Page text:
It is probably fortunate that UNC Asheville does not regularly feature in the pages of The Fire and Rescue Journal, published by the NC Department of Insurance, Office of the State Fire Marshall, but in the fall of 2002 the university made the front page.
The reason was Operation Highsmith, described as “the State’s largest terrorism and structural collapse exercise,” which the Office of the State Fire Marshall had organized during May 20-24, 2002.
For five days the campus’ Highsmith Center hosted 250 personnel from response teams from local, state and federal agencies across North Carolina, as they participated in, “mock drills and exercises involving simulations of hazardous materials leaks, bioterrorism events, terrorist attacks, and hostage and bomb scenarios.” Sections of the building were also demolished so that rescuers could practice working with heavy machinery.
There are no photographs of the exercise in the University Archives, but The Fire and Rescue Journal described teams wrangling with “refrigerators, concrete jersey barriers, lumber and ropes,” and maneuvering “cranes, Bobcat tractors, saws and welding torches.” A rescue dog was even lowered into the building through a hole in the roof.
Thankfully, neither the dog nor anyone else, seems to have been harmed during the exercise.
Students had left campus for the summer, and Highsmith’s occupants had been relocated to the Dining Hall. But, there seems to have been some spectators, as the Blue Banner reported a viewing area being provided for the media and general public to observe the exercises.
The operation had been prompted by events of September 11, 2001, which had made all emergency departments aware of the need to be prepared for any terrorist attacks in North Carolina. The Highsmith Center was already scheduled for a “massive” renovation project during the summer of 2002, and the 35,000 square foot building therefore provided “an ideal and rare setting.”
The William E. Highsmith University Center was dedicated on April 1, 1984. The Asheville Citizen reported how, “more than 400 people braved chilly spring winds” to honor Chancellor Highsmith, who was retiring at the end of June 1984, after a total of 22 years as Chancellor of UNC Asheville, and President of its predecessor, Asheville-Biltmore College.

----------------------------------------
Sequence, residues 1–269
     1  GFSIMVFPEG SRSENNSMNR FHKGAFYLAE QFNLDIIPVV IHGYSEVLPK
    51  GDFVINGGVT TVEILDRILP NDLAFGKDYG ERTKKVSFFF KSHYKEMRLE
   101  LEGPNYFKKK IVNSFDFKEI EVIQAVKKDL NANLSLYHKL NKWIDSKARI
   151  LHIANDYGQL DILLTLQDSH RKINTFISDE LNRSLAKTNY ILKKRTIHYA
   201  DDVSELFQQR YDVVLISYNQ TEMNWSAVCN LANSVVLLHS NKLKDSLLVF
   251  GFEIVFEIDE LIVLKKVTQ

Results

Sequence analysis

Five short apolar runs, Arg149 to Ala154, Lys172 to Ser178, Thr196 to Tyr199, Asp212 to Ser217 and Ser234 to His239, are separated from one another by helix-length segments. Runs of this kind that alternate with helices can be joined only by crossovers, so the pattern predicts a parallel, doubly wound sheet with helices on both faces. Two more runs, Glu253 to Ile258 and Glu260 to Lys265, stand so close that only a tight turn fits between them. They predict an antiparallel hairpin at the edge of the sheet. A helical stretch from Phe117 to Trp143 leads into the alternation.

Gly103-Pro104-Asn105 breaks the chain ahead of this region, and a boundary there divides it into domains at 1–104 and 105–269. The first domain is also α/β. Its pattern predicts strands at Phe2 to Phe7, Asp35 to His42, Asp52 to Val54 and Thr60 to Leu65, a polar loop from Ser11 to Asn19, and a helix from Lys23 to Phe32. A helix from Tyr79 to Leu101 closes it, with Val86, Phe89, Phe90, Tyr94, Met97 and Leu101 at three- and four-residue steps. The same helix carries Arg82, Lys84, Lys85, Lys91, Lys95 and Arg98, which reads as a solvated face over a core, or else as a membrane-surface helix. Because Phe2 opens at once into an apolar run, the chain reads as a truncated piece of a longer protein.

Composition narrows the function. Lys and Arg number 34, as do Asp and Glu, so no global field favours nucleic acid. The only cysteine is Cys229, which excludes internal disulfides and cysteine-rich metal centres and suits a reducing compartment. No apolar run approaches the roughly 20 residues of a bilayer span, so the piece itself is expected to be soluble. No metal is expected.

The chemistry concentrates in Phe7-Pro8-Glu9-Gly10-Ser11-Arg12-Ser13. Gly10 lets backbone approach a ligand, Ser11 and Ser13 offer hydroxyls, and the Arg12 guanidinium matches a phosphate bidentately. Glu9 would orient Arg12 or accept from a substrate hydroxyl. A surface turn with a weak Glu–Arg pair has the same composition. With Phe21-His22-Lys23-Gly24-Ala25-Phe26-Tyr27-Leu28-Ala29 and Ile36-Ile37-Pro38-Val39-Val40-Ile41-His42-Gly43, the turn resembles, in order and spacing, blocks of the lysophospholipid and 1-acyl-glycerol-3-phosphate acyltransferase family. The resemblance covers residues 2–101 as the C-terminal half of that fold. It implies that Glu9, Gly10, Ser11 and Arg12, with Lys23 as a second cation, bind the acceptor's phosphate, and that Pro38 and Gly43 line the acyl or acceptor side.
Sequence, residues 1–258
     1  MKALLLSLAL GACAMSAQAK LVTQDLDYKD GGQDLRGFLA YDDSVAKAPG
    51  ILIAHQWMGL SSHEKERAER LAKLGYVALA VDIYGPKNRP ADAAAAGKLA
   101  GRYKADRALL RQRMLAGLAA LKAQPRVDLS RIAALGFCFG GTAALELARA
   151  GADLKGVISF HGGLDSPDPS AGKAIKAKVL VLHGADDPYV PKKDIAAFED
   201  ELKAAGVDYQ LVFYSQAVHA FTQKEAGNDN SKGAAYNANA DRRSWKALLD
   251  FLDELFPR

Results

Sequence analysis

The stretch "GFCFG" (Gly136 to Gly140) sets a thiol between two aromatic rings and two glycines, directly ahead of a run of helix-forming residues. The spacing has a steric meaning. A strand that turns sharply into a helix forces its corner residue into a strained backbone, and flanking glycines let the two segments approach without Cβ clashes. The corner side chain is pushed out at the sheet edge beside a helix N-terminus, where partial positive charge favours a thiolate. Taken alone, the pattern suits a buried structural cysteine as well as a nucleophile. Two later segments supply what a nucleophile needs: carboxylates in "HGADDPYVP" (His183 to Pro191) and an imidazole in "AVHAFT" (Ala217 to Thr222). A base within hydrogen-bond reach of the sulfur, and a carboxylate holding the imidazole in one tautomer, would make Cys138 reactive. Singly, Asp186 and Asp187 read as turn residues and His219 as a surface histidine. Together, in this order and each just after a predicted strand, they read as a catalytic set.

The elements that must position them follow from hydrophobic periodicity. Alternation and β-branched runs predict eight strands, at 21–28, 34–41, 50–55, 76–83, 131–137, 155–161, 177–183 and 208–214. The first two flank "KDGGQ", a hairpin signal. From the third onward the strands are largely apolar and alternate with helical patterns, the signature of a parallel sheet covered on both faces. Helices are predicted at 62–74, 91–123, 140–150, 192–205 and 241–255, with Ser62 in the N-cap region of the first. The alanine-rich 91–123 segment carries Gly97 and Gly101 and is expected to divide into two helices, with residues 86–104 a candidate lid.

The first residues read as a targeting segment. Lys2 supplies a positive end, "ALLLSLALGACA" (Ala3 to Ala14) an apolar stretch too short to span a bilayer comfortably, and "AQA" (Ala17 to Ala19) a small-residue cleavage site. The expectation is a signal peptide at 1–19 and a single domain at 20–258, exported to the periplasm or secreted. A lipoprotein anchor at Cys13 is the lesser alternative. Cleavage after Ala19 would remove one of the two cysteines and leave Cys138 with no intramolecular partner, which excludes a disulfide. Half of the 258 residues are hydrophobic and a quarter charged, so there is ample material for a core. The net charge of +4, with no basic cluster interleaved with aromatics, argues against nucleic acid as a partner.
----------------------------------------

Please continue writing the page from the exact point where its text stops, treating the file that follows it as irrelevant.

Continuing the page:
It was Highsmith who, in June 1980, had started construction on the project when he drove a bulldozer for the groundbreaking ceremony for the Center and adjacent Highrise dormitory building.
The Center was designed to house the university dining hall, meeting and recreation rooms, lockers for commuting students, television viewing rooms, vending machines, the university store, and radio station. A pre-construction document described the Center serving “as the foundation of campus cultural life” by allowing students to be together in “non-academic contexts,” and it “should unite commuter students with campus residents.”
However, by 1997 the Highsmith Center’s facilities had become inadequate and the Board of Trustees designated the renovation and expansion of the building “as the campus’ first priority for capital funding.” Of particular concern was lack of space for students “to do their programs and have their meetings.”
In 1997, 950 students lived on campus, compared to 400 in 1982, and it was anticipated the number would grow to 1,100 by 1999. Total enrollment also grew, from 2,520 in 1982 to 3,170 in 1997, with student involvement in campus activities growing along with enrollment.
Plans were drawn up to renovate the existing center, and add a further 46,000 square feet, to more than double the size of the building.
It was not just a matter of space though, the condition of the building was also causing problems. This was illustrated on October 16, 1997 when the Asheville Citizen-Times showed tarps being used in the bookstore to protect merchandise from rainwater dripping through a leaky roof.
Despite such obvious problems, the 1997 Session of the NC General Assembly did not approve funding for work to Highsmith. However, the passage of the 2000 Higher Education Bond Referendum did allow the project to become a reality, with $11.5 million of the $15.5 million project cost being funded through Higher Education Bonds.
Which brings us back to Operation Highsmith.
After the emergency exercise was completed, construction work began in earnest, and on October 14, 2004, the new Highsmith University Union was dedicated. SGA President Porscha Yount described the Union building as “just amazing.”
But nothing is ever constant, and in spring 2017, renovations to the Highsmith Student Union began. These will provide meeting spaces and open areas for student organizations, provide areas for galleries, and a coffee shop. A large multi-purpose room between Highsmith and the adjacent Brown Hall will “bridge” the two buildings. Construction will continue through summer 2018.
This time though it seems, no dogs will be lowered through the roof.
- Colin Reeve, Special Collections